Integrating Standard Eight into classroom practice is not only a matter of planning for lessons that occasion students to look for general methods and shortcuts. It also requires teachers to attend to and listen closely to their students’ noticings and “a-ha moments,” and to follow those a-ha moments so that they generalize to the classroom as a whole. The video clips included here are intended to show as a composite how teachers create the conditions for students to look for and express regularity in repeated reasoning, and follow and elaborate students’ thinking when they begin to make these connections.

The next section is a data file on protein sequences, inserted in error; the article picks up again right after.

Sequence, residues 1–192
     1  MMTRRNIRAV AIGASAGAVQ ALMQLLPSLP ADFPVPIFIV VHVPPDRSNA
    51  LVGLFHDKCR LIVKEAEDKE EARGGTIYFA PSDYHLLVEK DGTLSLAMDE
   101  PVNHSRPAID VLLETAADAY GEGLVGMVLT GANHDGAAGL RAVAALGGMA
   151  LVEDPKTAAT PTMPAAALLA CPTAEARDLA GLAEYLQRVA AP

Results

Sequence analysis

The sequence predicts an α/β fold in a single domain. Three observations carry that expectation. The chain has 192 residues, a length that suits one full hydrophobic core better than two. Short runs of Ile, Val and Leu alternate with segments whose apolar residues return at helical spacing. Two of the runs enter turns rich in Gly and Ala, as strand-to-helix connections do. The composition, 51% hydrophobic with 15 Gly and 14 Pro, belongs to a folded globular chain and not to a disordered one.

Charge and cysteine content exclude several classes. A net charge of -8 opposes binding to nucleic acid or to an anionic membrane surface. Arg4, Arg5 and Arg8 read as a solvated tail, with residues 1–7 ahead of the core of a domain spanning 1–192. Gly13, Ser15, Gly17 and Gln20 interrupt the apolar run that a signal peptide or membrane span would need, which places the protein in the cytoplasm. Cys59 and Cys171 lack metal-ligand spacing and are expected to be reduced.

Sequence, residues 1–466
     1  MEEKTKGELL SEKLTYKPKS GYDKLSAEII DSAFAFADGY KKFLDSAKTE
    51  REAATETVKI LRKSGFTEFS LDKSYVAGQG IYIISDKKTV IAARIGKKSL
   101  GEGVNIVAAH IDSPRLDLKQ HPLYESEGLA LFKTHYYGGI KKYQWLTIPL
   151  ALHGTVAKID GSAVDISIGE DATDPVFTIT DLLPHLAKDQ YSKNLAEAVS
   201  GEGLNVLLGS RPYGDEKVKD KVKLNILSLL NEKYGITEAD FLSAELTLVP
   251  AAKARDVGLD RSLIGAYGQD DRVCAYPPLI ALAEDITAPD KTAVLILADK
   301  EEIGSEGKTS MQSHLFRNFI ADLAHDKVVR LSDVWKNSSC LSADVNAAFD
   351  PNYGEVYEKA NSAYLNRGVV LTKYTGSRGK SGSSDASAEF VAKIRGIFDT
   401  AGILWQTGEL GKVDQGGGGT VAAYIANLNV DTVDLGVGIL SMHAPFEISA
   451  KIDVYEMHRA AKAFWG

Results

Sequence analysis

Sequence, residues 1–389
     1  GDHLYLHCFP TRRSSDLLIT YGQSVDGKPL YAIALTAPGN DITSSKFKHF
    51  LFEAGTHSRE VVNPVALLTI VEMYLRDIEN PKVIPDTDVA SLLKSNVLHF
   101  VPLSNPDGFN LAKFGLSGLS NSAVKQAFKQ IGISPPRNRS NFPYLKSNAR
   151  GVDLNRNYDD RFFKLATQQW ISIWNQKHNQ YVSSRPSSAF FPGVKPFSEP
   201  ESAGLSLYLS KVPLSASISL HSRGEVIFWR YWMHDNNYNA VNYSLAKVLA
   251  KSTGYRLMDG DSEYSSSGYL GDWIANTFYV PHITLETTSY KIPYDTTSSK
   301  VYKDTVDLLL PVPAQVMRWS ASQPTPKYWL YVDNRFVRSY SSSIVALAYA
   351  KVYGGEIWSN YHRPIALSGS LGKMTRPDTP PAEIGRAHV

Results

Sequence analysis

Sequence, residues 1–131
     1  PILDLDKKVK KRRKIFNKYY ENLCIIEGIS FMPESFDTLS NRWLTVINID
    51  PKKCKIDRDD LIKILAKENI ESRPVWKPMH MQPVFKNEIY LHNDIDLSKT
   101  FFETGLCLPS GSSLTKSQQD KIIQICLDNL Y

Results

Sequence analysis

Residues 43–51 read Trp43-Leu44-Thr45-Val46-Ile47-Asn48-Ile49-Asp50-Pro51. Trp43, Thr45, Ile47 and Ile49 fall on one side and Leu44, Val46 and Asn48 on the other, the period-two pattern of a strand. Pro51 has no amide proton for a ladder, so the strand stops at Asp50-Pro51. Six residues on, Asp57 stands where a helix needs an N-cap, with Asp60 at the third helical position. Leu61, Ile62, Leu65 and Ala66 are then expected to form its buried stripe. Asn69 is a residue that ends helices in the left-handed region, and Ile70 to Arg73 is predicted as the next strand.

Mathematically proficient students notice if calculations are repeated, and look both for general methods and for shortcuts. Upper elementary students might notice when dividing 25 by 11 that they are repeating the same calculations over and over again, and conclude they have a repeating decimal. By paying attention to the calculation of slope as they repeatedly check whether points are on the line through (1, 2) with slope 3, middle school students might abstract the equation (y – 2)/(x – 1) = 3. Noticing the regularity in the way terms cancel when expanding (x – 1)(x + 1), (x – 1)(x2 + x + 1), and (x – 1)(x3 + x2 + x + 1) might lead them to the general formula for the sum of a geometric series. As they work to solve a problem, mathematically proficient students maintain oversight of the process, while attending to the details. They continually evaluate the reasonableness of their intermediate results.